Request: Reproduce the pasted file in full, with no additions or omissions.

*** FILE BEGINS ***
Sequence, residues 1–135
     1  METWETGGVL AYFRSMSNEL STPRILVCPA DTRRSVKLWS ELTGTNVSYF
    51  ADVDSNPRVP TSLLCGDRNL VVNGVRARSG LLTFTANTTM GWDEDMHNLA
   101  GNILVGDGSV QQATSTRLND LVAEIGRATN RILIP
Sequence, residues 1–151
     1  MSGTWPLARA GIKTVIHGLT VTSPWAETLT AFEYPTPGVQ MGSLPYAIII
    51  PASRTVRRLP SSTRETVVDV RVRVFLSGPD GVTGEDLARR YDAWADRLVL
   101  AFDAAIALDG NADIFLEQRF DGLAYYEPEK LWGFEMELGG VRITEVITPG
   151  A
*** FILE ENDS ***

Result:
Sequence, residues 1–135
     1  METWETGGVL AYFRSMSNEL STPRILVCPA DTRRSVKLWS ELTGTNVSYF
    51  ADVDSNPRVP TSLLCGDRNL VVNGVRARSG LLTFTANTTM GWDEDMHNLA
   101  GNILVGDGSV QQATSTRLND LVAEIGRATN RILIP
Sequence, residues 1–151
     1  MSGTWPLARA GIKTVIHGLT VTSPWAETLT AFEYPTPGVQ MGSLPYAIII
    51  PASRTVRRLP SSTRETVVDV RVRVFLSGPD GVTGEDLARR YDAWADRLVL
   101  AFDAAIALDG NADIFLEQRF DGLAYYEPEK LWGFEMELGG VRITEVITPG
   151  A